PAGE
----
“Animals just are what they are! Seeing them as friend or foe depends on the time and place, and a person’s point of view.”

10 animals in total receive two spreads each, one casting the creature as a fearsome foe ( “The Big, Bad Wolf”, “Spiders: Scary, Sneaky and Spooky”, “Snakes: Silent and Deadly”), the other showcasing its friendlier characteristics (“Wolves are Wonderful!”, Spiders are Spectacular!”, “Snakes are Super!”). The artwork of each spread changes to suit the style of the text, with scary images on one spread, and cute, cartoon drawings on the next.

The “foe” spreads are likely to be more attractive for young audiences than their friendly counterparts, simply because of the appeal of scary/gross illustrations and text, but the entire book would make a good starting point for group discussion, and could inspire engaging classroom activities and research assignments. This is a thoughtful, well-arranged title that encourages children to approach the world with an open mind and to consider multiple perspectives when making a decision.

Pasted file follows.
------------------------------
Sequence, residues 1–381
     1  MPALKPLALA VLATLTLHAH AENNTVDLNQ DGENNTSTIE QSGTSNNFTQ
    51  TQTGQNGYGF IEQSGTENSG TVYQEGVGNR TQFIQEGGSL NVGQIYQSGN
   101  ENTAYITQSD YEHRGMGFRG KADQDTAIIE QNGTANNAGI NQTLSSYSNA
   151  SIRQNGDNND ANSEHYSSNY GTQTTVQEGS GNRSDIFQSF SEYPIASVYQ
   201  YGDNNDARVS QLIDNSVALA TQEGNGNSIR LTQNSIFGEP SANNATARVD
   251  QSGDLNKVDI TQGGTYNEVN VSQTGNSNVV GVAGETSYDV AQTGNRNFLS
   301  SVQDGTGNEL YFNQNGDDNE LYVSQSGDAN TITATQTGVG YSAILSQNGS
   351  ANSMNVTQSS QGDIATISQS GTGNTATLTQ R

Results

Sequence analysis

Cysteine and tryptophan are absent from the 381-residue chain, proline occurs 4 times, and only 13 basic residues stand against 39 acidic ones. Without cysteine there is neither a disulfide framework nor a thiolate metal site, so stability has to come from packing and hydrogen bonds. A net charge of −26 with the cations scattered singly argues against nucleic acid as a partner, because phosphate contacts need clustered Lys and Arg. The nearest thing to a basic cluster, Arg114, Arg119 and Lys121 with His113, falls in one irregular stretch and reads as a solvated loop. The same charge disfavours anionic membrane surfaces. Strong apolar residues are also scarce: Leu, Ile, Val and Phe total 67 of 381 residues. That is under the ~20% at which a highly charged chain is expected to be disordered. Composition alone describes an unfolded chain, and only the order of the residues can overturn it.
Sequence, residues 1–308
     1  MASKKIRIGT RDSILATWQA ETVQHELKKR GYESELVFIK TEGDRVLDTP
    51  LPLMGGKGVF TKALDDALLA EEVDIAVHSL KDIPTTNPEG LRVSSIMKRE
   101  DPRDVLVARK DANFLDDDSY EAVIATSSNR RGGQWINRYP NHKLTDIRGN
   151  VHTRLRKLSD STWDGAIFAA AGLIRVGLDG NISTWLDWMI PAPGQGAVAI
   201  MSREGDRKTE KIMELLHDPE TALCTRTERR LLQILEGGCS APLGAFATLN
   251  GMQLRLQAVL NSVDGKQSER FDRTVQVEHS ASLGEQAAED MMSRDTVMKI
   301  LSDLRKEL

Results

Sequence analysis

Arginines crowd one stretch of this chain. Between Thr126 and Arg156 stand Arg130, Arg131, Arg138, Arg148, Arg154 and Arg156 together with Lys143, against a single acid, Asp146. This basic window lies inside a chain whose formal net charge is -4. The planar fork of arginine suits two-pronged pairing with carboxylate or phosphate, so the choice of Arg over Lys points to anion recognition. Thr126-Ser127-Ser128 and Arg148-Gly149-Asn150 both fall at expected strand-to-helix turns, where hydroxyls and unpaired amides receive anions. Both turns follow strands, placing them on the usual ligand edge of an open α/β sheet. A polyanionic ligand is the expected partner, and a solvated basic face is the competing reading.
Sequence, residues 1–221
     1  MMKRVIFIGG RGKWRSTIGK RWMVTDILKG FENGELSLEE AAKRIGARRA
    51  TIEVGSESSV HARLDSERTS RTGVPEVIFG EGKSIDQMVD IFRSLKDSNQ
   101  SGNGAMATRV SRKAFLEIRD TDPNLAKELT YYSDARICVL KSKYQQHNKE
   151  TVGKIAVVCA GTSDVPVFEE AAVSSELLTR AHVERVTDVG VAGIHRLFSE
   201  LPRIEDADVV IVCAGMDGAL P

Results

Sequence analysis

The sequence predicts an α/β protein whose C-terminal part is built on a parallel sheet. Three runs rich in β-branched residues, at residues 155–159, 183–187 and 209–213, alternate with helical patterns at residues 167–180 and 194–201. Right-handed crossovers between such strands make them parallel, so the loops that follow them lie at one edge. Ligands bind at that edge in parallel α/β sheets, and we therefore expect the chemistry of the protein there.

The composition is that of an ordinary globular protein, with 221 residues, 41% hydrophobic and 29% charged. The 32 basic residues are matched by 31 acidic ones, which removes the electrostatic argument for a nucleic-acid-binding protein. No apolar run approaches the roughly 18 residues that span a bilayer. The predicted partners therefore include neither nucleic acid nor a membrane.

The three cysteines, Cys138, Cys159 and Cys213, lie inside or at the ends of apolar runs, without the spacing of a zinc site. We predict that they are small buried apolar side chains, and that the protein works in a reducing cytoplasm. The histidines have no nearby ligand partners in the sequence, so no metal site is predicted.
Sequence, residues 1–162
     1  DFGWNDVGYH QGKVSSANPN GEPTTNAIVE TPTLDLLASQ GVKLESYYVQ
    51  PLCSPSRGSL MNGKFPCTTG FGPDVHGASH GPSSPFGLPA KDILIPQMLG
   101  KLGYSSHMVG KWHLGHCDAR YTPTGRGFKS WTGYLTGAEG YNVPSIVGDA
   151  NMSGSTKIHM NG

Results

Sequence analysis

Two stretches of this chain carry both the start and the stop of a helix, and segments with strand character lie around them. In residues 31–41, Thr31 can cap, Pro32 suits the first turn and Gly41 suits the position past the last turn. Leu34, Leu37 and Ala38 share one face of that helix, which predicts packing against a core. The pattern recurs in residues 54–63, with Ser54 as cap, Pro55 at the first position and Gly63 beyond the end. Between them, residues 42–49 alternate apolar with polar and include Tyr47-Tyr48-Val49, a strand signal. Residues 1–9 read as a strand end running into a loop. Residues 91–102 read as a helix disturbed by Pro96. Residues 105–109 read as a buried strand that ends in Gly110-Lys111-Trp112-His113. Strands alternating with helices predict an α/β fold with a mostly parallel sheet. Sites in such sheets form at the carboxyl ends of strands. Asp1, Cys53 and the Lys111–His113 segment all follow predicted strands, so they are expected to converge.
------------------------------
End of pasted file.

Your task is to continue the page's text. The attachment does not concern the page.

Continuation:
Title: The Boy Who Harnessed the Wind
Author: William Kamkwamba, Bryan Mealer / Illustrator: Elizabeth Zunon
Publisher: Dial Books for Young Readers
Publication Date: 2012
Genre/Format: Nonfiction
Publisher’s Summary: When fourteen-year-old William Kamkwamba’s Malawi village was hit by a drought, everyone’s crops began to fail. Without enough money for food, let alone school, William spent his days in the library . . . and figured out how to bring electricity to his village. Persevering against the odds, William built a functioning windmill out of junkyard scraps, and thus became the local hero who harnessed the wind.

Lyrically told and gloriously illustrated, this story will inspire many as it shows how – even in the worst of times – a great idea and a lot of hard work can still rock the world.